Reports of Nokia’s death have been greatly exaggerated. The classic phone brand doesn’t make mobiles any more since Microsoft snagged that part of its business, but it has been working on something else. Something a bit special.

The Nokia N1 is an Android tablet with a very striking style. With Apple-like quality but a decidedly sub-Apple price, it's no wonder the N1 has created a fair bit of buzz since it was announced last year.

The iPad mini’s estranged brother

First impressions matter, and the Nokia N1 leaves a great one. The look and feel are both top-quality.

Nokia was keen to tell us the tablet is made by Foxconn in China, and this might seem weird given that it's a gigantic megacorp factory which has been plagued by controversy over the years. However, it makes a lot more sense when you remember Foxconn makes Apple’s mobile devices.

And indeed the Nokia N1 is pretty Apple-like, in a flat-out good way. Its frame is aluminium, with the same sort of soft, simple curves as an iPad Mini. The likeness is not coincidental.

It looks and feels great, while the 4:3 aspect and relatively petite size make it pretty convenient for casual use at home or while you’re stuck on the M4 on a Megabus. It’s very, you guessed it, iPad Mini-like.

Firms being inspired by Apple (to be generous) is nothing new, but here it's done well enough to keep a smile on our faces. And there’s more than enough new stuff going on elsewhere.


The biggie is Z launcher. This is a custom Android front-end made by Nokia, more-or-less for the N1 tablet at this point.

It’s rather unusual. Your home screen features 12 icons in a loose grid. But the icons here change based on your behaviour. The Nokia N1 learns about you, and plonks what it thinks you’ll need on there.

It’s not about to put a copy of The Bible and the Allen Carr stop smoking app on your home screen (well, it might), but it does keep a check of which apps you use at certain times of the day. As patterns emerge, the home screen’s app roster gradually firms-up, keeping a schedule through the day. But it should be able to cope should you change behaviour too.

You can also also search for apps/through the web on this screen too. Just draw a letter on the Nokia N1’s display with a finger and it’ll use that as the basis for a search, prioritising apps and then offering web results when that fails. Sounds pretty clever, right?

There’s also a standard apps menu if you want to use the Nokia N1 the old-fashioned way.

Screen and spec load-out

We do hope there’s still a bit of optimising to do here, though, as despite Nokia’s raving about the N1’s speed, we did find it less smooth than some conventional Android tablets. Scrolling through menus was just that tiny bit rickety, like your hands after too much caffeine.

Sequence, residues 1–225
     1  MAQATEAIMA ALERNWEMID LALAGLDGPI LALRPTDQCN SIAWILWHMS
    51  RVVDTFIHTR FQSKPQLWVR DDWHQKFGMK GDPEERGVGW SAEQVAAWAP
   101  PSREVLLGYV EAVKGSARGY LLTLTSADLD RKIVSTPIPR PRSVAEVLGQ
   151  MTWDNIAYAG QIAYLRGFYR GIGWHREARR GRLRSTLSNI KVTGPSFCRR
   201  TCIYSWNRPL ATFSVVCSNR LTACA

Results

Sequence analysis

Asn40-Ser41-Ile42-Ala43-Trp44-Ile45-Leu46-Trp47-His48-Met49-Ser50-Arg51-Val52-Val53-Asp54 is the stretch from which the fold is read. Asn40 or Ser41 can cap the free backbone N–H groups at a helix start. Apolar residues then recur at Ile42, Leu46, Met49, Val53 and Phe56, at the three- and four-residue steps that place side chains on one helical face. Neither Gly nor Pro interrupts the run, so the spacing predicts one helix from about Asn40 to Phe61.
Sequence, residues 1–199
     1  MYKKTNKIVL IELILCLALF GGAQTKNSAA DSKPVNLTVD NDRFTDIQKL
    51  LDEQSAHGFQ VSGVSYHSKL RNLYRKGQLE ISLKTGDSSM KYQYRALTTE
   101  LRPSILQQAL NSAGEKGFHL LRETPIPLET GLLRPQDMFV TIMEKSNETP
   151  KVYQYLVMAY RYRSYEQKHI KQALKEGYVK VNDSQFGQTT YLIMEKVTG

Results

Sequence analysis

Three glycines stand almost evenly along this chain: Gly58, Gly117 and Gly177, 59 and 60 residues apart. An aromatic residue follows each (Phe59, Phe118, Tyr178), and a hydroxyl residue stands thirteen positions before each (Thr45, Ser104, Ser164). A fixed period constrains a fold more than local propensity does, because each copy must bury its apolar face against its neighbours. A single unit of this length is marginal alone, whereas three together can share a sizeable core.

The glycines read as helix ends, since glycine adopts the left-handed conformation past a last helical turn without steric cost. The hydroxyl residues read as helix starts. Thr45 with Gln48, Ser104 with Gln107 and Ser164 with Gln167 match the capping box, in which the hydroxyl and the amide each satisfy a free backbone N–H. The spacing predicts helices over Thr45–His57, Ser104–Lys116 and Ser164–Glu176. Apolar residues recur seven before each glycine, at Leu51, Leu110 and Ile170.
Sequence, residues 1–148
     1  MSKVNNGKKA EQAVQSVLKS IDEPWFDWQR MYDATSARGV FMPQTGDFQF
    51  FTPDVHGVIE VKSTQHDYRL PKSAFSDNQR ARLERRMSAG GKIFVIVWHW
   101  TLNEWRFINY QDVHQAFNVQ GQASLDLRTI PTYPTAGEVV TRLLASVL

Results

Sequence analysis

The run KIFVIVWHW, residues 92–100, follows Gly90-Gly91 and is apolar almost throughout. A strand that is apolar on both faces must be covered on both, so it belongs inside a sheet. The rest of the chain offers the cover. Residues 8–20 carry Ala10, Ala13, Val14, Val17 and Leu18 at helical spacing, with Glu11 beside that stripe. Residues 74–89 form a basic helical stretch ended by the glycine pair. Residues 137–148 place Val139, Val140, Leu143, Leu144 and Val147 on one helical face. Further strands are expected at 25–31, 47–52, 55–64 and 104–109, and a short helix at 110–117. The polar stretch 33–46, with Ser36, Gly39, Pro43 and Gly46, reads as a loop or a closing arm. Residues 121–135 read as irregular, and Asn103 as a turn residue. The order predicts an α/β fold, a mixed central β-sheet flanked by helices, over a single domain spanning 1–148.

It uses a quad-core Intel Atom Z3580 2.3GHz CPU that should in theory have more than enough power to make Android work slickly, although we have seen consistency issues with some Intel-powered phones and tablets in the past. 

Fingers crossed this’ll be smoothed out for the UK launch, because other areas are pretty special. From a quick look, the Nokia N1 screen seems to roughly match the Retina iPad Mini. Sharpness is great, and the laminated IPS LCD panel gets you great viewing angles.

Colours seem fairly natural too. Who knows, maybe its screens are even made in the same factory as those on the iPad Mini 3...


It does take one Apple cue we wish it had left at the Apple Store, though. There’s no memory card slot, so while the 32GB storage is pretty generous given the price, media fanatics will probably be peeved.

There’s also no 3G option, which could well be down to Nokia’s deal with Microsoft. It bought the devices (phones, basically) division of Nokia, and is believed to have had a clause saying Nokia can’t make any phone-like devices any time soon.

But it does have one thing we hope to see a lot more often soon: it’s one of the first mainstream devices to use a USB-C connector. This is an update to the microUSB plugs we currently use, and fits in either way up. No more jamming it in only to find it’s the wrong way around. Now that’s progress.

And the cameras? There’s an 8MP one on the back and a 5MP one on the front. But don’t expect any PureView-style antics here.

A+ for N1?

The Nokia N1 has launched in China already and we think it’ll sell a whole bunch in the UK if it actually makes it into shops. It looks and feels great, and there are some interesting ideas in its Z Launcher software.

It feels like it's a few tweaks and updates away from perfection, but this is one tablet we’d happily spend a bit more time with.

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